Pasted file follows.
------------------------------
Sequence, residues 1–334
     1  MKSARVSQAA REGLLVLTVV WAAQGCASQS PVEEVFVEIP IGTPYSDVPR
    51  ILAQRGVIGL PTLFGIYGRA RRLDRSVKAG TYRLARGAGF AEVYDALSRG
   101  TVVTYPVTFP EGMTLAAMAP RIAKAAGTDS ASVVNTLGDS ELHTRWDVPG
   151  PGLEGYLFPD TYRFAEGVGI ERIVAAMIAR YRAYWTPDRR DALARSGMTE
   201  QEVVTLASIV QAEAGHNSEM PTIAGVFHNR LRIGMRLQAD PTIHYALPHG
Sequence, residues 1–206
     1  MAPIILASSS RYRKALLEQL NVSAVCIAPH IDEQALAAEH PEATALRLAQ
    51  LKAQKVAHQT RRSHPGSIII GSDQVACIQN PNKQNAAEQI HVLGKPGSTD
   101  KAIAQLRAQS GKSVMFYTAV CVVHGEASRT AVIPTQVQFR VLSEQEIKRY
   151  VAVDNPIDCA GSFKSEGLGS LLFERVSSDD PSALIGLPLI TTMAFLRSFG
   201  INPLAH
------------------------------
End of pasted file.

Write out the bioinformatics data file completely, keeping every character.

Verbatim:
Sequence, residues 1–334
     1  MKSARVSQAA REGLLVLTVV WAAQGCASQS PVEEVFVEIP IGTPYSDVPR
    51  ILAQRGVIGL PTLFGIYGRA RRLDRSVKAG TYRLARGAGF AEVYDALSRG
   101  TVVTYPVTFP EGMTLAAMAP RIAKAAGTDS ASVVNTLGDS ELHTRWDVPG
   151  PGLEGYLFPD TYRFAEGVGI ERIVAAMIAR YRAYWTPDRR DALARSGMTE
   201  QEVVTLASIV QAEAGHNSEM PTIAGVFHNR LRIGMRLQAD PTIHYALPHG
Sequence, residues 1–206
     1  MAPIILASSS RYRKALLEQL NVSAVCIAPH IDEQALAAEH PEATALRLAQ
    51  LKAQKVAHQT RRSHPGSIII GSDQVACIQN PNKQNAAEQI HVLGKPGSTD
   101  KAIAQLRAQS GKSVMFYTAV CVVHGEASRT AVIPTQVQFR VLSEQEIKRY
   151  VAVDNPIDCA GSFKSEGLGS LLFERVSSDD PSALIGLPLI TTMAFLRSFG
   201  INPLAH